de-dupe

Deduplicate strings from javascript assets

Usage no npm install needed!

<script type="module">
  import deDupe from 'https://cdn.skypack.dev/de-dupe';
</script>

README

De-dupe - a Javascript string minifier

npm test Known Vulnerabilities

De-dupe is an asset minification process that will identify duplicate strings in all scopes of a javascript file and will introduce a variable instead of the string itself. It does not introduce variables on the global scope, it will keep the variables to the individual scopes that it identifies. It can also clean up strings so that they don't have large amounts of white space in them.

Installation

project: npm install de-dupe --save-dev

global: npm install de-dupe -g

Usage

Usage: de-dupe [options] -- <...files>
Options:
--addScope, -s       Adds an IIFE around the entire script, this broadens the possible instances where strings duplication could be consolidated
--cleanStrings, -c   Removes duplicate spaces from strings, usually strings in javascript render to the DOM and more than one space in the DOM is ignored and just bloats scripts

Example

The follow demonstrates what the de-dupe code will do.

Original code:

function x() { console.log('long string', 'long string', 'long string', 'long string', 'long string', 'long string'); }

De-duplicated code:

function x() { var a='long string'; console.log(a, a, a, a, a, a); }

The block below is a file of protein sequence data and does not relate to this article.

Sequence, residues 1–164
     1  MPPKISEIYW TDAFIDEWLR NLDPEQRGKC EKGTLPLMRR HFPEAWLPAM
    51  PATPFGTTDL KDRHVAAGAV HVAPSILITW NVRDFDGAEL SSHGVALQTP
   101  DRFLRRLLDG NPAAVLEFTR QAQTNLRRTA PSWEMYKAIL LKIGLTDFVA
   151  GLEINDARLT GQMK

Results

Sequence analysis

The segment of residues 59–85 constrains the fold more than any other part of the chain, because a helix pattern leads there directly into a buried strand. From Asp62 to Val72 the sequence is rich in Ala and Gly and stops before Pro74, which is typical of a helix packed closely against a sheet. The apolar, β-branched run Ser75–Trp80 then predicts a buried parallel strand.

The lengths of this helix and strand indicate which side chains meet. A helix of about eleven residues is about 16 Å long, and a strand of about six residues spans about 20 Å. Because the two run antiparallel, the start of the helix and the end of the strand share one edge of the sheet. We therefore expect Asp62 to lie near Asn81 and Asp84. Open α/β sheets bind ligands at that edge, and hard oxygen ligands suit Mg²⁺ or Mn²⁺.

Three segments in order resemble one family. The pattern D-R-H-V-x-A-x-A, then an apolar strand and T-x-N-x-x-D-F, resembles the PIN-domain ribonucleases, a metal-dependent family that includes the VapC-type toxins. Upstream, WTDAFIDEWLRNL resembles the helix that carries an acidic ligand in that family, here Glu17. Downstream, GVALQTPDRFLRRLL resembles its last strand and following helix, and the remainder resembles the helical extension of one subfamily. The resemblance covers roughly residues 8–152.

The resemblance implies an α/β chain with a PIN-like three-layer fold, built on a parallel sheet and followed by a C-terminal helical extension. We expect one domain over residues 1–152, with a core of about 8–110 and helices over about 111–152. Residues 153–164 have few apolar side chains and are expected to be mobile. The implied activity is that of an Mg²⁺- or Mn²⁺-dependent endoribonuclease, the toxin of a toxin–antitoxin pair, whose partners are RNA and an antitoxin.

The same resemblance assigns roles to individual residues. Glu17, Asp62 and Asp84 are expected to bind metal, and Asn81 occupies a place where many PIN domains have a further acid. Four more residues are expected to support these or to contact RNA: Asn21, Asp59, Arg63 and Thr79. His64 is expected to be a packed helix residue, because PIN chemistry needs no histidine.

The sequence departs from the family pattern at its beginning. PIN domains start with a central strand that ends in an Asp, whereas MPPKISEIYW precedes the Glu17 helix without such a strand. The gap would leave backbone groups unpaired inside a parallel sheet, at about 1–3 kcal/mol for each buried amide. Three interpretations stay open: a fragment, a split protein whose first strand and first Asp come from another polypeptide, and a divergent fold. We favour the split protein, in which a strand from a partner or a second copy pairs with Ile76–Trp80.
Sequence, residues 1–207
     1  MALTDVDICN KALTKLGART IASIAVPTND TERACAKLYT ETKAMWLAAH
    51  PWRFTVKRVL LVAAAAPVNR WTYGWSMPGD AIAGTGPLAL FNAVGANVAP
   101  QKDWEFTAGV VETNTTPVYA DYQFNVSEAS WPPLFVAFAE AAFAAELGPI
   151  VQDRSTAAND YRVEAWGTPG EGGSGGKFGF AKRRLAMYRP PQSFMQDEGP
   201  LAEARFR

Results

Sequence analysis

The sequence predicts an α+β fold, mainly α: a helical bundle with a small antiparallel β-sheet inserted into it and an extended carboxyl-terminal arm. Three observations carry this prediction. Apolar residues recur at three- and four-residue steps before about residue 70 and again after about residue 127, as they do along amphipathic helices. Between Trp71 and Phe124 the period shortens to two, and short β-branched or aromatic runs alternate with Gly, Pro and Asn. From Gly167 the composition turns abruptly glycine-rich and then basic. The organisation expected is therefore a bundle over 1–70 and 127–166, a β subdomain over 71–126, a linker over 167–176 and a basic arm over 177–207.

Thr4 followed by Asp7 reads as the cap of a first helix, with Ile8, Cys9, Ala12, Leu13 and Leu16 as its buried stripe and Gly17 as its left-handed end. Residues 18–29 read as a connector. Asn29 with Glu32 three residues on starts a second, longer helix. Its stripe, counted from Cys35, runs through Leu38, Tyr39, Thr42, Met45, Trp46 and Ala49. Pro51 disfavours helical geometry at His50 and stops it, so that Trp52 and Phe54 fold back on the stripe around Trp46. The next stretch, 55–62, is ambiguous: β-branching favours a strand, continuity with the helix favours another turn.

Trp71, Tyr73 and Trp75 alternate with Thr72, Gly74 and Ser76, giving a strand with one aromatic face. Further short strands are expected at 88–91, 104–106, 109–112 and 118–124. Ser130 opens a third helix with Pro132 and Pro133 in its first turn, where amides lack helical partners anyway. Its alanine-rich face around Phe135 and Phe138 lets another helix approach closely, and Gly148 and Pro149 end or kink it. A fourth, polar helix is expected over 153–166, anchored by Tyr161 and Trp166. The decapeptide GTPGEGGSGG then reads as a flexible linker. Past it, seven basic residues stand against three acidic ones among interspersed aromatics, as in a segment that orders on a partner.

Why?

Doesn't gzip/deflate take care of this?

Yes, it does. But, this can help. Read on...

To put it in very simple terms, gzip and deflate work by identifying patterns that already exist in the string and then place markers telling the decompressor where the pattern could be identified. First 8 bits identify how long the pattern is, and the last 15 bits identify how far away the previous pattern could be identified.

Before gzip:

console.log('long string', 'long string');

After gzip:

console.log('long string', <13,15>);

Today's javascript >32KB

It works in theory, but sometimes falls short in practice.

Notice, the distance bits are only 15 (1-32768), which means the patterns have to be within 32KB of uncompressed data of each other. Basically, all of the major javascript frameworks are larger than 32KB. And after taking a cruise around Alexa's Top 10 most popular websites on the internet (google.com, amazon.com, facebook.com, twitter.com, etc.), every single site had at least one javascript file over 32KB (mostly, I saw ~200KB range). Assuming your site has a javascript file of over 200KB and a pattern at the beginning and somewhere in the middle; then gzip won't be able to help you. Compounding the size of your javascript file.

Conclusion

If your javascript is tiny and emmaculately procured down to it's smallest form. Then quite possibly this tool will not help you. It might actually make your gzip'd javascript larger. But I am guessing since you found this tool, you probably are looking for something to help make your javascript smaller.